I'm hunting for my first home, and have a picture of what I want: a two-story shingled structure, perhaps sharing a wall with others, and part of a community that will take care of gardening and other maintenance. I see real estate ads for townhouses, condos, and co-ops, and they all sort of look the part. But how do I know which one I'm really looking for?
Many prospective home buyers are similarly confused when trying to differentiate between these three house types.
It doesn't help that the sellers themselves sometimes use the wrong names to describe the unit. Many people mistakenly believe that the differences are physical, as between a brick row house and an urban loft.
In reality, however, the main difference is how property ownership is legally structured.
In both townhouses and condos, any common areas—parking, planted areas, pool areas, and walkways —are partly yours, as you own them jointly with all your fellow owners.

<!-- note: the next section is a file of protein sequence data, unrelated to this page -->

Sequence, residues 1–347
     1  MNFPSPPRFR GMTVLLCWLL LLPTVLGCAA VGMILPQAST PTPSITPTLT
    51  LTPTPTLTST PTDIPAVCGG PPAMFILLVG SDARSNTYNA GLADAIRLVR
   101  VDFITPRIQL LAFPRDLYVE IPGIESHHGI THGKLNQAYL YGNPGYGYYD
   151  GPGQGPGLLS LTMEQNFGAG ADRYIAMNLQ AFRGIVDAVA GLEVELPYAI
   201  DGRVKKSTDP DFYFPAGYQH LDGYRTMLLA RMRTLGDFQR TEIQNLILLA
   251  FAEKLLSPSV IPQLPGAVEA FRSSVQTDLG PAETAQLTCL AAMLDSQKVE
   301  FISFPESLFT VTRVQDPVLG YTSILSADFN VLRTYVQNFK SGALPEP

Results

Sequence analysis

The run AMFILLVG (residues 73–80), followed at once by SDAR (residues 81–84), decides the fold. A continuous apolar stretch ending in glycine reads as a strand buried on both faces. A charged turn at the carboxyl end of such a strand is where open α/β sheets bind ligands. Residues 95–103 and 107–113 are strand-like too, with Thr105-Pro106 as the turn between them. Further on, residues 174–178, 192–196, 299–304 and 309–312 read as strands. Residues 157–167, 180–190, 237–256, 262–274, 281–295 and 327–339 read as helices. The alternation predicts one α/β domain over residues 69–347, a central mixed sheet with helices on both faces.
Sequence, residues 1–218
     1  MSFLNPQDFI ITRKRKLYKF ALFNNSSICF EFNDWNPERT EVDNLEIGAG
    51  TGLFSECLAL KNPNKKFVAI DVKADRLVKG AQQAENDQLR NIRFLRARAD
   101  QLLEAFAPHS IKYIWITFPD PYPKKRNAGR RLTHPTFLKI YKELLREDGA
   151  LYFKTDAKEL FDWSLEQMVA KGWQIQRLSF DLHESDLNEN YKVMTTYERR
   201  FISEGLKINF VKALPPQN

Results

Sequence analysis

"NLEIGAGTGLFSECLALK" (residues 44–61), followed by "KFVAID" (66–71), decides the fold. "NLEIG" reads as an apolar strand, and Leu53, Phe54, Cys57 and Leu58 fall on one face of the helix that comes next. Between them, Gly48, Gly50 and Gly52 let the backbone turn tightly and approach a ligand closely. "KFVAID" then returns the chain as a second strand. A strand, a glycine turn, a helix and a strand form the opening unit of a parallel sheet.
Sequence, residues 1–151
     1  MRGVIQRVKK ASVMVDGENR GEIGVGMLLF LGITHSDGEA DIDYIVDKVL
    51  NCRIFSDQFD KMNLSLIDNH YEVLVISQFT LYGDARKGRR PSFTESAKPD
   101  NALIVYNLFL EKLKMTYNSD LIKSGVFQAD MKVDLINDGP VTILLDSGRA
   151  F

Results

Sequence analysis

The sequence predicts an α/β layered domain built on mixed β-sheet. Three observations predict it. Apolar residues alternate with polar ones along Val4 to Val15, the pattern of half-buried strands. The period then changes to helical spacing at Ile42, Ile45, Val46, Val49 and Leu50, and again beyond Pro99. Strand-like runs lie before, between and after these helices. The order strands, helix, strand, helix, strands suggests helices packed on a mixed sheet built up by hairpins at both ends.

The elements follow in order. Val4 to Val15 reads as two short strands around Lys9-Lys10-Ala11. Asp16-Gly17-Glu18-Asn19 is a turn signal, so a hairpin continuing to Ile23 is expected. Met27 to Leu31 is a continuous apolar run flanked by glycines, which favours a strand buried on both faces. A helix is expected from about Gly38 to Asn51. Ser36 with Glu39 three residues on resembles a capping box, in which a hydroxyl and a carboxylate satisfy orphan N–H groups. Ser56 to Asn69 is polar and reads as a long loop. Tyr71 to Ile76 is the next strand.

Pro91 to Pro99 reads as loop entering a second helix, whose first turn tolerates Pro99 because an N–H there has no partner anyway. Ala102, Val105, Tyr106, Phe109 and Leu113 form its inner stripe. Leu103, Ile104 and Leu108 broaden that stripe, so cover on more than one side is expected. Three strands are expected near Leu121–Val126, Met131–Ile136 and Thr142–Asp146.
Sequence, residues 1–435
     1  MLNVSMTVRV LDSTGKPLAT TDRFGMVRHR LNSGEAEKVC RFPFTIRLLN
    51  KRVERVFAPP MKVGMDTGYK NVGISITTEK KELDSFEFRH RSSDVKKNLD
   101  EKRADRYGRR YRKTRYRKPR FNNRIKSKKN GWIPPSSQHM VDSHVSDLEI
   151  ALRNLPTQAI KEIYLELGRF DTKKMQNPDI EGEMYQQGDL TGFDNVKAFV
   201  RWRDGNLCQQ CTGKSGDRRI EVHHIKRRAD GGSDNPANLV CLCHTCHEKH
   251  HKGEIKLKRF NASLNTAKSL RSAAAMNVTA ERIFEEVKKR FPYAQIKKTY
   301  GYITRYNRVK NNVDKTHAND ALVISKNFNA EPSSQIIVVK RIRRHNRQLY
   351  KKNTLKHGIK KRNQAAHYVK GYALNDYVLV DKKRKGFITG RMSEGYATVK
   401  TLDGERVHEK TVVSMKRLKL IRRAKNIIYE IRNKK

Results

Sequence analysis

The differences arise when you look at what part of your individual unit you own. In a townhouse, you own all of your own unit—both the inside and the outside, for instance roof and exterior walls—plus you own the land upon which it sits.
In a condominium development, by contrast, you own the inside of the unit, but not the exterior, and not the land upon which it sits.
As for co-ops, your ownership is defined not by the physical portions of the property, but by the number of shares you own in the corporation that owns the property. You have usage rights to an individual unit and to common areas.
If you're not getting clear answers about what you're buying into from the property seller, or if the real estate ads don't seem to match the legal documents associated with the property, you might want to consult with a real estate attorney.
And for more on what to expect when buying into a community, see the Choosing a House or Property section of Nolo's website.